Face Facts: A Forum on Facial Recognition Technology, Project No. P115406 #00055 

Submission Number:
Andrew Eatchel
Initiative Name:
Face Facts: A Forum on Facial Recognition Technology, Project No. P115406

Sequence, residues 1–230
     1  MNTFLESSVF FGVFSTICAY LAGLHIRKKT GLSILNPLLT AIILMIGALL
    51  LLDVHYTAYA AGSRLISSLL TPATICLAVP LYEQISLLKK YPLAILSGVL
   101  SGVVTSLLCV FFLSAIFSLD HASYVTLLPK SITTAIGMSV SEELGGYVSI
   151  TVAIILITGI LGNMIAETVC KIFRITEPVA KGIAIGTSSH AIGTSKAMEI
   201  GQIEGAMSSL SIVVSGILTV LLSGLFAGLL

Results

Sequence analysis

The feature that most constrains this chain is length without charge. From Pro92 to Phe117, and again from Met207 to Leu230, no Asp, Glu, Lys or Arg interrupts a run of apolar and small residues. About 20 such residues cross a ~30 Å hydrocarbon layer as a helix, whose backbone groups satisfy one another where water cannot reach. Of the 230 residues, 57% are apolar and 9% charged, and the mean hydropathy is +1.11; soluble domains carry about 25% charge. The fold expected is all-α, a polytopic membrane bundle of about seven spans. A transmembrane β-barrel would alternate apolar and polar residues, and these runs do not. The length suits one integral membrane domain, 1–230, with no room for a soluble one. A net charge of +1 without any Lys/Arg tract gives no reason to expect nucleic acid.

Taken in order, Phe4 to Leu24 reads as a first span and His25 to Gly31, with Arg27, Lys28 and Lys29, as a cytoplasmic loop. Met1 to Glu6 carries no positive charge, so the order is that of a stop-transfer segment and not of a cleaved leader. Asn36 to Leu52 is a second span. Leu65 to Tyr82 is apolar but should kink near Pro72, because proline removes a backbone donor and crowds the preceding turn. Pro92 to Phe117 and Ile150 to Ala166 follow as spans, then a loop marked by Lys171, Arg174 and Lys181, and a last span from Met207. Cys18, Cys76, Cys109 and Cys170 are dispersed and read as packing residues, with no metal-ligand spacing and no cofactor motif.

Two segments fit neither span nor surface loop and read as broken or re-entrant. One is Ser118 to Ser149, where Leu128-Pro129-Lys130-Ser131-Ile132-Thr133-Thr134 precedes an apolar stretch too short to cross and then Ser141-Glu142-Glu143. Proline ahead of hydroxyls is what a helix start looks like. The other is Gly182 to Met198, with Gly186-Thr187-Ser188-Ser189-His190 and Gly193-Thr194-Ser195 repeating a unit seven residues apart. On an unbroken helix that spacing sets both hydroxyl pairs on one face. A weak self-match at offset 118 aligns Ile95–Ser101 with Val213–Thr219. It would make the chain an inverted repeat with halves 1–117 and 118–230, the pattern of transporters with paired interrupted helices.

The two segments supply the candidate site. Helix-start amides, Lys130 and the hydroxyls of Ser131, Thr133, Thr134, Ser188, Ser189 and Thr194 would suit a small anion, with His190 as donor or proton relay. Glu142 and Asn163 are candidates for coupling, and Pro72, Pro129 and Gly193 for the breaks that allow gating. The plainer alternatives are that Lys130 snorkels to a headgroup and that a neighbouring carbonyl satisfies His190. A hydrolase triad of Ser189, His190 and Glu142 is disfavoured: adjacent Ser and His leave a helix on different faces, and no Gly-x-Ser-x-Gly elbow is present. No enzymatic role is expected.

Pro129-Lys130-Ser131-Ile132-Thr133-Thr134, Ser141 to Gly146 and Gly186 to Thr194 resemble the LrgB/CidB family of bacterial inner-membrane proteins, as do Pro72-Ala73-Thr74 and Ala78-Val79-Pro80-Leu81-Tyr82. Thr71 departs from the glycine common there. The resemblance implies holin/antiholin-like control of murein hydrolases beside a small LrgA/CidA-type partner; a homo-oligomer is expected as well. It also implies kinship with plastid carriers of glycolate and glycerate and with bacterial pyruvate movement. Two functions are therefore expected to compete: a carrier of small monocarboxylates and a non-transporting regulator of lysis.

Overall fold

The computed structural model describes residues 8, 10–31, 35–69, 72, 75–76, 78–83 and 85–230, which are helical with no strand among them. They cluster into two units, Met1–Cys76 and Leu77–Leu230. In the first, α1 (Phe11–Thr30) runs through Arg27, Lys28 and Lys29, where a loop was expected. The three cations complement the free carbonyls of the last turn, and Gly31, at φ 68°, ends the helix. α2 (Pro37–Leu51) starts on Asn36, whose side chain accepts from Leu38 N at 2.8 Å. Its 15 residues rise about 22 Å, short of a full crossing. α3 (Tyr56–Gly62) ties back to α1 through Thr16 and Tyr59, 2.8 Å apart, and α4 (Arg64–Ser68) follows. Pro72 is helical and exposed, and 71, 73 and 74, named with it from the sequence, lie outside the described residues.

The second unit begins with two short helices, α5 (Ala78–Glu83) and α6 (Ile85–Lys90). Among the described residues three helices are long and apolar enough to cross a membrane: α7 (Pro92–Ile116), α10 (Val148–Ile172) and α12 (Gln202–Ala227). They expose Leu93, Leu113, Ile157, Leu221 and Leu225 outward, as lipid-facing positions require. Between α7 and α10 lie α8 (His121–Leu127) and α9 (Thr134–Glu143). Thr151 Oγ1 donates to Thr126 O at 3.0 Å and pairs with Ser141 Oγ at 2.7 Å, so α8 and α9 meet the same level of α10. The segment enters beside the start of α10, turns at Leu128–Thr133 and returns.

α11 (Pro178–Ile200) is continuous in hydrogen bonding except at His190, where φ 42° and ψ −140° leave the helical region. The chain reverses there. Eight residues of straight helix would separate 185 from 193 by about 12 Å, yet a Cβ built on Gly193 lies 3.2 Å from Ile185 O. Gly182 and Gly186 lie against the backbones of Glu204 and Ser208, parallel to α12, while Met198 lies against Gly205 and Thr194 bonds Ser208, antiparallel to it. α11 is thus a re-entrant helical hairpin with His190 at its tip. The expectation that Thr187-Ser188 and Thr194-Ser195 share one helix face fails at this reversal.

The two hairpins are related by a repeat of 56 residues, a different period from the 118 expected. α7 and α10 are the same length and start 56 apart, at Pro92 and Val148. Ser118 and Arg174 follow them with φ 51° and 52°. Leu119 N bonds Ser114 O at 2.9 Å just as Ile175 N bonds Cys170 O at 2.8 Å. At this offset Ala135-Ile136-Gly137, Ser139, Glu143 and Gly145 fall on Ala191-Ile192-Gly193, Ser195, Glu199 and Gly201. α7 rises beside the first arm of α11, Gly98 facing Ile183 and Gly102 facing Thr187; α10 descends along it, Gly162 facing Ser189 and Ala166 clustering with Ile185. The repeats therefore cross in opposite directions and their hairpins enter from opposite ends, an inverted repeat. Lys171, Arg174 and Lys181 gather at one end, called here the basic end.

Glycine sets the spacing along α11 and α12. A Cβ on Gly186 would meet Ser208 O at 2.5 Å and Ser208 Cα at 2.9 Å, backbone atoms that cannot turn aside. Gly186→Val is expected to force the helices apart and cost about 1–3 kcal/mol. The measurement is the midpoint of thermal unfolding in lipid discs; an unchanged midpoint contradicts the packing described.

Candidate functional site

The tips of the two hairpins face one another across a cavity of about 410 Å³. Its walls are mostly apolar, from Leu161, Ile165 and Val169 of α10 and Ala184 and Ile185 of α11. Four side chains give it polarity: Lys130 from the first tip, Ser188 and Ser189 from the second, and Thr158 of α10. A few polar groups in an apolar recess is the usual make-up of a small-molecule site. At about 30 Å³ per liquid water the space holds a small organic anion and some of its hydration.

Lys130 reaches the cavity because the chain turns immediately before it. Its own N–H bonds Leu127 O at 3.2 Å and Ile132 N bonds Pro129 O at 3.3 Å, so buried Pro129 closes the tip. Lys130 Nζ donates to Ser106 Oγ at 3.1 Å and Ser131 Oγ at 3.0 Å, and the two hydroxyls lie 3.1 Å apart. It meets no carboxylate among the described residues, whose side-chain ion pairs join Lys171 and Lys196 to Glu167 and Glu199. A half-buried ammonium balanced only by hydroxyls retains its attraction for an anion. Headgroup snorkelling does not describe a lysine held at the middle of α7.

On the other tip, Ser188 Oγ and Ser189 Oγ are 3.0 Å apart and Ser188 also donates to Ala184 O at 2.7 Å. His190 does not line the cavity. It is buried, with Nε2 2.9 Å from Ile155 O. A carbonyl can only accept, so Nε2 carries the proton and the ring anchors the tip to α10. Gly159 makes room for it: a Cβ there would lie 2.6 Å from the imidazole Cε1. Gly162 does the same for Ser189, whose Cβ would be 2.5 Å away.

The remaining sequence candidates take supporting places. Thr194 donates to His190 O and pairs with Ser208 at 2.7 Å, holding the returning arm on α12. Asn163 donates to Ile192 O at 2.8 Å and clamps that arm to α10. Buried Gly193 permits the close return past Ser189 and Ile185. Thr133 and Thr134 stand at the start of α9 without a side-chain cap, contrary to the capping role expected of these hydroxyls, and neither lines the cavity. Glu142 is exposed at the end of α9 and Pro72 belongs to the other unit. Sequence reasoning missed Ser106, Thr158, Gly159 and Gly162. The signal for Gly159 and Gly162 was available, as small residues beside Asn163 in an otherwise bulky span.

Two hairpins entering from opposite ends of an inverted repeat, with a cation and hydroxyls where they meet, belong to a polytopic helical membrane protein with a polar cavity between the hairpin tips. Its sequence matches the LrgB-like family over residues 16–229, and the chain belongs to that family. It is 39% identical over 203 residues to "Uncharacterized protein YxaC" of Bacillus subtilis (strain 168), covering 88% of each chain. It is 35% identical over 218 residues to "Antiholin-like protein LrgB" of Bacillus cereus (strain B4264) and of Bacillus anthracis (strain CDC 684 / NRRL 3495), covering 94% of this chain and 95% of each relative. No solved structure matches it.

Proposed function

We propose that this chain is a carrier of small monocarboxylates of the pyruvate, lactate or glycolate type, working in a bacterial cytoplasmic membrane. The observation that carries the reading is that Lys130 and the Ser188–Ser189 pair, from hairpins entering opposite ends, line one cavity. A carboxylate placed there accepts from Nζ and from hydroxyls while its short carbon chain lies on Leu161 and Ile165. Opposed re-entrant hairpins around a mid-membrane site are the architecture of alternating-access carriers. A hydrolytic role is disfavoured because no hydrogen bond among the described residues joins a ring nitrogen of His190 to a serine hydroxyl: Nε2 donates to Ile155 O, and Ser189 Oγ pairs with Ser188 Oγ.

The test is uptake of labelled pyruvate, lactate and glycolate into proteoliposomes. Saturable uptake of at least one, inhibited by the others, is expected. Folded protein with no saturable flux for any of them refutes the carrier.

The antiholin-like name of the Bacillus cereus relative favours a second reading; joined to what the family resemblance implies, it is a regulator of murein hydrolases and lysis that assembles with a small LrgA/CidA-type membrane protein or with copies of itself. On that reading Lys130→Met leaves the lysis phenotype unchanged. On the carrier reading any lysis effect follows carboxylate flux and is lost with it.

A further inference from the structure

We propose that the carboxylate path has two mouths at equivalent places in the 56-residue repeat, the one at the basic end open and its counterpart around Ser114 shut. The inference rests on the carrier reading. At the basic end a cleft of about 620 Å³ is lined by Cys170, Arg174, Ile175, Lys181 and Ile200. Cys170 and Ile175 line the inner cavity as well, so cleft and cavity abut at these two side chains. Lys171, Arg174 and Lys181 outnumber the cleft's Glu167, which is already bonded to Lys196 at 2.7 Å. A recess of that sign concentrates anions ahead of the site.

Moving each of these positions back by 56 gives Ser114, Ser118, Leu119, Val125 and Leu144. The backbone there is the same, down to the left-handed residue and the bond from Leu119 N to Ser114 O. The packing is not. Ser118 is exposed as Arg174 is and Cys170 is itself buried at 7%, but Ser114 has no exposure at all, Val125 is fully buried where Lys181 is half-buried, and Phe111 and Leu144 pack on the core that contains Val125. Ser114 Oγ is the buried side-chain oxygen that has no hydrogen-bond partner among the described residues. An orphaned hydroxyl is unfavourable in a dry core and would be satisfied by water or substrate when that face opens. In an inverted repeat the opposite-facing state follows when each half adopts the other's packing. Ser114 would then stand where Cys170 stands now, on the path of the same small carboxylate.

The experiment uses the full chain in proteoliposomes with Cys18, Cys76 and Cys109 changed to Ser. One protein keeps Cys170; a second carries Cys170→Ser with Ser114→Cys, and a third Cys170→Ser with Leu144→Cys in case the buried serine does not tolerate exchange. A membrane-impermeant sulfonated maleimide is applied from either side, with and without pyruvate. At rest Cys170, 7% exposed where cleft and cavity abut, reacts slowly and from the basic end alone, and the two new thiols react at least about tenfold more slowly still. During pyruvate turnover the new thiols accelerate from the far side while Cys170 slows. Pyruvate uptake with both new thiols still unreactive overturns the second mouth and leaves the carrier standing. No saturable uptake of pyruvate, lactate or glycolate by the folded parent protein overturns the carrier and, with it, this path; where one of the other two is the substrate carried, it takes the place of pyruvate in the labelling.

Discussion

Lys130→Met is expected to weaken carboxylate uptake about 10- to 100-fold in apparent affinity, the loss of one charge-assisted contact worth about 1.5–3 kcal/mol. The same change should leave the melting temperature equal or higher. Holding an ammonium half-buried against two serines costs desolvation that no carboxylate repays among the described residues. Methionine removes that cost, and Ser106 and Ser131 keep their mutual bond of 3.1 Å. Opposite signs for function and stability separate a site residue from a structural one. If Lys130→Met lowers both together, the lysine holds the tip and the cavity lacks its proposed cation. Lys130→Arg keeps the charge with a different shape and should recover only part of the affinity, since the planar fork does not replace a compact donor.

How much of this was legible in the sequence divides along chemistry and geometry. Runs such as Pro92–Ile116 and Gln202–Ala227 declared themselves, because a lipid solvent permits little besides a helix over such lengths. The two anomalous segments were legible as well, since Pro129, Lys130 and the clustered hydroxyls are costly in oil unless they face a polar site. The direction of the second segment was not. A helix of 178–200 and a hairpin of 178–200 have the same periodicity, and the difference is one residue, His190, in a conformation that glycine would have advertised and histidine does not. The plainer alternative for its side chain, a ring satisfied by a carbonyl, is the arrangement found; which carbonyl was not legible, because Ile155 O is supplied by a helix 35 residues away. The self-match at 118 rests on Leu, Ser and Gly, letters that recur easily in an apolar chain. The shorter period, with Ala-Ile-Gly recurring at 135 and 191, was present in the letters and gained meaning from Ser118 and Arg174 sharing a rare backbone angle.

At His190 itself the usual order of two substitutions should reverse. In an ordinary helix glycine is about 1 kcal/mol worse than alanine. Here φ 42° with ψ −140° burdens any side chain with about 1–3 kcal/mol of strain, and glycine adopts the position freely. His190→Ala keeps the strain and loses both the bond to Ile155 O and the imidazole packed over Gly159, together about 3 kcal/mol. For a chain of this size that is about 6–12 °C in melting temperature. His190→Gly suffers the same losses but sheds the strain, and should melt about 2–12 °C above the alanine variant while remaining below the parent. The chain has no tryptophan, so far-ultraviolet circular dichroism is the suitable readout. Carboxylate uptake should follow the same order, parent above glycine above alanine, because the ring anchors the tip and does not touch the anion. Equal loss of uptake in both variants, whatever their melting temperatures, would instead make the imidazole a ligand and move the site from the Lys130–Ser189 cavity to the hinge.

With regard to the privacy questions surrounding implementation of facial recognition (FR) technology, it is an invasion of one's civil rights for another to monitor or record his/her personal biometrics (including FR imprints) for any purpose without their express permission. The law must not permit the tracking/cataloging of US citizens through FR or any other form of biometric measurement or analysis in real or virtual domains without asking for advance permission in every application (i.e., opt-in required). More will have to be required than simply posting a notice at the entrance to public venues or business establishments that biometrics are being collected (since entry to all such premises like grocery stores, libraries, city hall, etc., may not be totally optional) or placing a footnote in some website's privacy policy that rarely gets read. An iPhone app that uses FR may be easy to avoid by anyone not wishing to be tracked if notice is given prior to installation but the act of simply walking past a camera equipped billboard or sorting through music samples at a kiosk capable of covertly taking a snapshot of the customer should not automatically subject one to biometric data collection/analysis. Laws must be enacted to prevent commercial enterprises from acquiring and more particularly, storing biometric information without the specific permission of a subject. Governments must not be allowed to collect biometrics from individuals without their permission either. Some important points need to be made: 1. Among the rights guaranteed by our founders are life, liberty and the pursuit of a peaceful existence free from biometric data collection and tracking. The right to privacy is unalienable and the need for such a right is self evident. Biometric data is the property of the individual to whom it belongs. It is NOT part of the public domain. 2. Despite claims to the contrary, biometric systems can an WILL be hacked and biometric data of all kinds are subject to theft which WILL ultimately lead to new forms of identity theft. Any biometric data collected WILL ultimately end up in some government database(s). 3. Giving notice of bio-data collection is not enough. To guarantee choice, application of FR or any other biometric data collection technologies such as retina scanners for instance must not be made in situations where the general public - have to be - in order to live life in a normal fashion and perform every-day functions (e.g., banking, shopping, using various forms of public transportation, participating in recreational activities, etc.) unless provision is made for the person to voluntarily activate the technology by some overt action and the person is able to obtain access to the basic goods and services necessary to carry on normal life functions WITHOUT the bio-data collection. There are NO situations in which choice is unnecessary. Period! 4. Development and deployment of biometric technologies must be subject to the strictest possible controls and such technologies should be implemented, only in a way that makes them exceptional in their use rather than the accepted norm!